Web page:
There have also been technological enhancements to broadcasts in the new year, including mic’d up interviews during competition with players like Max Homa and Tom Kim, as well as augmented and virtual reality features.
“The pressure is definitely there,” said Chris Wandell, PGA TOUR vice president of media business development. “The great news is that we think that in 2023 with this new schedule and these designated events with gigantic purses and much stronger fields, that’s going to be a big benefit for fans when they tune in for the first time. Secondly, when we work with CBS, ESPN+ and Comcast, we’re making significant improvements and positive enhancements to our broadcasts.
“We want to make sure when fans tune into a golf tournament for the first time on any of our U.S. or international media partner platforms, they’re like, ‘OK, I know who these guys are from the show, now I want to learn what covering the competition really is like,’ and I think we’re taking gigantic steps forward in that respect as well.”
The debut of “Full Swing” comes during a time of growth for not just the professional game, but also the recreational one.
Rounds played in 2022 were 15% above the average of the 2017-2019 period. The National Golf Foundation also said that the number of on-course participants increased to 25.6 million, a net gain of 500,000 over the previous year.
A record 3.3 million people played on a golf course for the first time last year. Newcomers to golf also continue to be more diverse than the overall participation base, with beginners 45% more likely to be non-White and 35% more likely to be female, compared to current golfers.
“There’s a lot of people I know—friends or friends of friends—who maybe played a little bit beforehand and are now fully hooked and playing all the time,” said Rickie Fowler, who also is part of the “Full Swing” cast. “With ‘Full Swing,’ it’s going to be exposed to a lot more people outside of the golf world. Hopefully people will see that and at least want to check out an episode and from there, I feel people will be hooked because it’s just a lot different look than what people are used to.”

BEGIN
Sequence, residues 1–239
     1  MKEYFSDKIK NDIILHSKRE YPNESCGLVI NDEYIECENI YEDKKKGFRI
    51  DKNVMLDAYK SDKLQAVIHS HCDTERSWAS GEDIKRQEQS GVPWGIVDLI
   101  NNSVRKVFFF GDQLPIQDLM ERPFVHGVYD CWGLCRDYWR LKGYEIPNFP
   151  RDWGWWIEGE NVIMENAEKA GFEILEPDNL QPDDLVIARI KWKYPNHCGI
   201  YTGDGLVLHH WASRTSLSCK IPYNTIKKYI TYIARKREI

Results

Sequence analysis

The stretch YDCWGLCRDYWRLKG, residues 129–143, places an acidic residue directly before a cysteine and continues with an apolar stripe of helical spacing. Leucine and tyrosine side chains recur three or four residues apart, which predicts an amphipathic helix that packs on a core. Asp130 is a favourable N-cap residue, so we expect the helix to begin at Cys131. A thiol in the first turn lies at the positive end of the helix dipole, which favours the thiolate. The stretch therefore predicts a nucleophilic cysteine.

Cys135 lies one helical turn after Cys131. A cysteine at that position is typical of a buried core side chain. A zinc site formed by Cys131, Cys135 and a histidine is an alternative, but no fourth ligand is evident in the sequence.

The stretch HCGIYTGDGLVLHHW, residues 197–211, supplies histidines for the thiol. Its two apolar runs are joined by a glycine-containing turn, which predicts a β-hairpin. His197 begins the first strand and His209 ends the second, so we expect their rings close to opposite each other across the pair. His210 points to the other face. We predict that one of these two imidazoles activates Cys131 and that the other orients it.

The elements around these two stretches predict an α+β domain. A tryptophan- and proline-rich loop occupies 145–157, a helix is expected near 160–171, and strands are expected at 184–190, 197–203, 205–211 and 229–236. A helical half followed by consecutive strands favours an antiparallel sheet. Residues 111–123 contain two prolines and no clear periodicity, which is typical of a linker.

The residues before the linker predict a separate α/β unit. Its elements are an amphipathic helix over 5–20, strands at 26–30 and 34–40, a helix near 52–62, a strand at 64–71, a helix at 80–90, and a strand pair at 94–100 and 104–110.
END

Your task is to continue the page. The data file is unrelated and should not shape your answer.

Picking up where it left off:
Michael Phelps, the most-decorated Olympian of all-time with 28 medals, including 23 gold medals, has gotten more into golf since retiring in 2016. Speaking during the WM Phoenix Open pro-am, he said he’s looking forward to watching the Netflix series.
“It's going to be fun having an inside look at their lives and what they do away from the golf course and kind of how they are as humans,” said Phelps. “It brings that factor into it, which I think is really cool for all of us to see. I’m a golf nut, so to see some of this, especially with everything that was going on last year going on, I’m going to be on the edge of my seat waiting to watch the next episode. It’s going to be fun.”
While a second season of “Full Swing” has not been confirmed, it is definitely a possibility. Gabe Spitzer, documentary series director at Netflix, said at this year’s AT&T Pebble Beach Pro-Am that “when we get into these, we hope for not one, but 10 years.”
Mumm, who serves as one of the show’s executive producers along with Vox’s Mark Olsen and Paul Martin and James Gay-Reese of Box to Box Films, said he’s received calls from golfers who would love to be part of another season.
Unlike Finau, who was quick to participate, or Fowler, whose production company, Main Event Productions, was involved early on, some golfers needed coaxing before committing their time to the additional cameras, responsibilities and pressures.
“I sort of took the attitude of see how the first season works out—see if I like it, like the idea, feel comfortable letting cameras get into my life a little bit more,” said McIlroy, a three-time FedExCup champion. “But I had a good chat with Chad in the summertime. Obviously with everything that's going on in the world of golf, he just said having my voice in there in some way could just add a layer of context that wasn't there already.”
McIlroy wasn’t the only PGA TOUR pro who expressed hesitation about opening his off-course life to the cameras. But regardless of who agrees to be a potential future participant, the show’s impact can only help bring more eyeballs to the PGA TOUR and golf.
“I think the ceiling is quite high when you try to compare it to Formula 1,” Finau said. “I think a lot of us became Formula 1 fans—myself included—just watching ‘Drive to Survive.’ We can only hope that our popularity grows, but more importantly, that the game grows because of the way they documented and showcased the talent we have out here.
“Golf fell in my lap. It was nothing I ever tried to pursue or had any interest in playing. It fell in my lap, so I’m extremely blessed to play the game and be involved in the game. Now being on this side of it, where I’ve been around the game for 25-plus years, I’ve seen some pretty cool things and I’ve met some pretty cool people all through this unbelievable game. There’s a story to be told there and I know Netflix is the one to tell that story.”